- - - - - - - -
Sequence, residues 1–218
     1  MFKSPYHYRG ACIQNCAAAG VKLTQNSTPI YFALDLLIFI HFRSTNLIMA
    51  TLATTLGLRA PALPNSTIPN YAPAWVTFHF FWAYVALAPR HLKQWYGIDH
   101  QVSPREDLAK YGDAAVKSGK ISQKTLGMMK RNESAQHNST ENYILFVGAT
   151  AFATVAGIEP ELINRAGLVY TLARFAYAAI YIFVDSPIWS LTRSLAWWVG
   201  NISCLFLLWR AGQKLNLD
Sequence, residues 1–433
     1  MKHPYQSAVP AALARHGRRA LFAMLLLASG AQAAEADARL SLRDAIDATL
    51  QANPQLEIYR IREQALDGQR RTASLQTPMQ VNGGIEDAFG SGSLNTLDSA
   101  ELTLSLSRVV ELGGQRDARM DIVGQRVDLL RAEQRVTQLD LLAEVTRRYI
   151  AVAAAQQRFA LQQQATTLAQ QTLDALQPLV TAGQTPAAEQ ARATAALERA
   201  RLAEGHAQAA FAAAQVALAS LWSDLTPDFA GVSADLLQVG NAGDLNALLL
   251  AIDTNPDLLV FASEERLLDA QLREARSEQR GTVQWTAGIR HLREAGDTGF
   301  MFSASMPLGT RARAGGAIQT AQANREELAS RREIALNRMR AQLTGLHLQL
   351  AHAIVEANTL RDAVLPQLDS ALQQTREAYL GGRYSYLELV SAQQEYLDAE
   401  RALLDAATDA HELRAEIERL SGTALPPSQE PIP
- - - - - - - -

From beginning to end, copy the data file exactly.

Sequence, residues 1–218
     1  MFKSPYHYRG ACIQNCAAAG VKLTQNSTPI YFALDLLIFI HFRSTNLIMA
    51  TLATTLGLRA PALPNSTIPN YAPAWVTFHF FWAYVALAPR HLKQWYGIDH
   101  QVSPREDLAK YGDAAVKSGK ISQKTLGMMK RNESAQHNST ENYILFVGAT
   151  AFATVAGIEP ELINRAGLVY TLARFAYAAI YIFVDSPIWS LTRSLAWWVG
   201  NISCLFLLWR AGQKLNLD
Sequence, residues 1–433
     1  MKHPYQSAVP AALARHGRRA LFAMLLLASG AQAAEADARL SLRDAIDATL
    51  QANPQLEIYR IREQALDGQR RTASLQTPMQ VNGGIEDAFG SGSLNTLDSA
   101  ELTLSLSRVV ELGGQRDARM DIVGQRVDLL RAEQRVTQLD LLAEVTRRYI
   151  AVAAAQQRFA LQQQATTLAQ QTLDALQPLV TAGQTPAAEQ ARATAALERA
   201  RLAEGHAQAA FAAAQVALAS LWSDLTPDFA GVSADLLQVG NAGDLNALLL
   251  AIDTNPDLLV FASEERLLDA QLREARSEQR GTVQWTAGIR HLREAGDTGF
   301  MFSASMPLGT RARAGGAIQT AQANREELAS RREIALNRMR AQLTGLHLQL
   351  AHAIVEANTL RDAVLPQLDS ALQQTREAYL GGRYSYLELV SAQQEYLDAE
   401  RALLDAATDA HELRAEIERL SGTALPPSQE PIP